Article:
Crystals and minerals of the London Clay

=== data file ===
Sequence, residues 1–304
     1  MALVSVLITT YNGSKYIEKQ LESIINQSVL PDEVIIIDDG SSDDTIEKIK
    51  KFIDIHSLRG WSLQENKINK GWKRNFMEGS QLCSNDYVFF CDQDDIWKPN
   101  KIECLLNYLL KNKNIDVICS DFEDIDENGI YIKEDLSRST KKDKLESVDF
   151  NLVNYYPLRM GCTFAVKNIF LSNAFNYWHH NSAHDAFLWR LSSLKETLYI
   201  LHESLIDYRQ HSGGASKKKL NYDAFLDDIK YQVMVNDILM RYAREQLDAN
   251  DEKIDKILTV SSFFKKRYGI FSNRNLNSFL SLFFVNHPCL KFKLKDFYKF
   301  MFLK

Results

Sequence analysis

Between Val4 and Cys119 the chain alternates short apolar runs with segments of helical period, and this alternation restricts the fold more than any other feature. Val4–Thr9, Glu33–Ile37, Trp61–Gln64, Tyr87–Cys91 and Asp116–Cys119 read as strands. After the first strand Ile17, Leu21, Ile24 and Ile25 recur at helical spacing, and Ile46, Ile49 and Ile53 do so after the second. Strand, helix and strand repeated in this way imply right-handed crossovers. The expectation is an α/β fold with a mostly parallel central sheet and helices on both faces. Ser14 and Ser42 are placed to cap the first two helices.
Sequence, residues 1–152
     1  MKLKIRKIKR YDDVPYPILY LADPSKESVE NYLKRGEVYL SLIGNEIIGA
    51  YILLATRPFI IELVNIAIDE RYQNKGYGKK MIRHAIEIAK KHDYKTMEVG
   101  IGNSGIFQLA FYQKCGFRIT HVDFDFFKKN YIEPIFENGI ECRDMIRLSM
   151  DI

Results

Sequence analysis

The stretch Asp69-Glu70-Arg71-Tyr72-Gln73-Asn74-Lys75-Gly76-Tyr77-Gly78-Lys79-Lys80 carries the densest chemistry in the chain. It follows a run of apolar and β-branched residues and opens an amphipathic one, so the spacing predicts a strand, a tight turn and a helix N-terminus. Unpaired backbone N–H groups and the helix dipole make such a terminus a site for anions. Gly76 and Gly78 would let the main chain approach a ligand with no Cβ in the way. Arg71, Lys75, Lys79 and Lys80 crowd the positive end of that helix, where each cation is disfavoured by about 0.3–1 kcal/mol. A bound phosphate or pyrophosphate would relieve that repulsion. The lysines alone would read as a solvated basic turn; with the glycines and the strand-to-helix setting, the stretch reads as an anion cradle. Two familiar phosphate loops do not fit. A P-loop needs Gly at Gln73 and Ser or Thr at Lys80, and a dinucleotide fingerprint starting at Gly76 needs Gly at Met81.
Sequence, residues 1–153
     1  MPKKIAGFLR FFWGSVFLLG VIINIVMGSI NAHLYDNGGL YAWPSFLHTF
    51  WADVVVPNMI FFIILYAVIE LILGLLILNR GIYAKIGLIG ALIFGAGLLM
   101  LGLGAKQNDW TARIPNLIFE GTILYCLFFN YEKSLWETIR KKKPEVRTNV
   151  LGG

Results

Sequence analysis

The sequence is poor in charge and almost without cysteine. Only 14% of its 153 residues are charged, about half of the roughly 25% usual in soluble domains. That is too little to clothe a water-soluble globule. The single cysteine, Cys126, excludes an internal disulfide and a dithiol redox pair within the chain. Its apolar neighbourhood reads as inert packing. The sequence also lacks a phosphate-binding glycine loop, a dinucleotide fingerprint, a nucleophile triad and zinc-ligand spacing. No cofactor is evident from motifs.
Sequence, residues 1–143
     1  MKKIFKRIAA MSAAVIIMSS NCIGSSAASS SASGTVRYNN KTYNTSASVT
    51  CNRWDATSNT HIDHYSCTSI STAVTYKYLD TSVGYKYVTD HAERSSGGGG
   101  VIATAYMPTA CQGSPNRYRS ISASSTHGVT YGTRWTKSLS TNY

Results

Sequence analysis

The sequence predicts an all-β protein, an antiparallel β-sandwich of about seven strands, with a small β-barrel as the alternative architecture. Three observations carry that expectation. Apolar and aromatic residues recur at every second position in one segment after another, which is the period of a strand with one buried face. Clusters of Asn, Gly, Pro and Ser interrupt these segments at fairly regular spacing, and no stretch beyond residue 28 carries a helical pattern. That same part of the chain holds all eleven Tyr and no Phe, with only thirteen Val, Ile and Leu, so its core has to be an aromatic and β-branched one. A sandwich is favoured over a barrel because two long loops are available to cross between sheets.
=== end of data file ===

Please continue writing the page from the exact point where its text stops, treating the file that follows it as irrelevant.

Bob Williams (UK) I developed a passion for crystals while collecting fossils. To me, crystals don’t have to be fancy, rare or expensive to be of immense interest. Even a good specimen of the commonly encountered “fools gold” (iron pyrite, more technically referred to as iron sulphide) will be of great interest to me. I live in south-east England, which is perhaps not the best place in the country for collecting interesting crystal specimens. However, I have a special interest in a geological deposit known as “London Clay” that is highly fossiliferous and includes fossils of crabs and lobsters. Many people will not associate this deposit with interesting minerals, but this would be to underestimate its potential. Fig. 1. London Clay, Isle of Sheppey, Kent. Crystal groups display the geometry of the crystal structure that is associated with a particular mineral and their forms can vary a great deal. The atoms, from which a substance is built, combine into structures known as “unit cells”. The atomic structure of a unit cell is then identically repeated, forming assemblies that give rise to the final crystalline form (that is, the mineral itself). Some compounds produce small, crystalline structures while others can produce individual crystals that are massive in size and striking in overall appearance. Amethyst is a good example of this and is, perhaps, the most familiar and most commercially available mineral of this type. A closer look at the crystal structure of any mineral will reveal objects of such incredible, geometric … Read More

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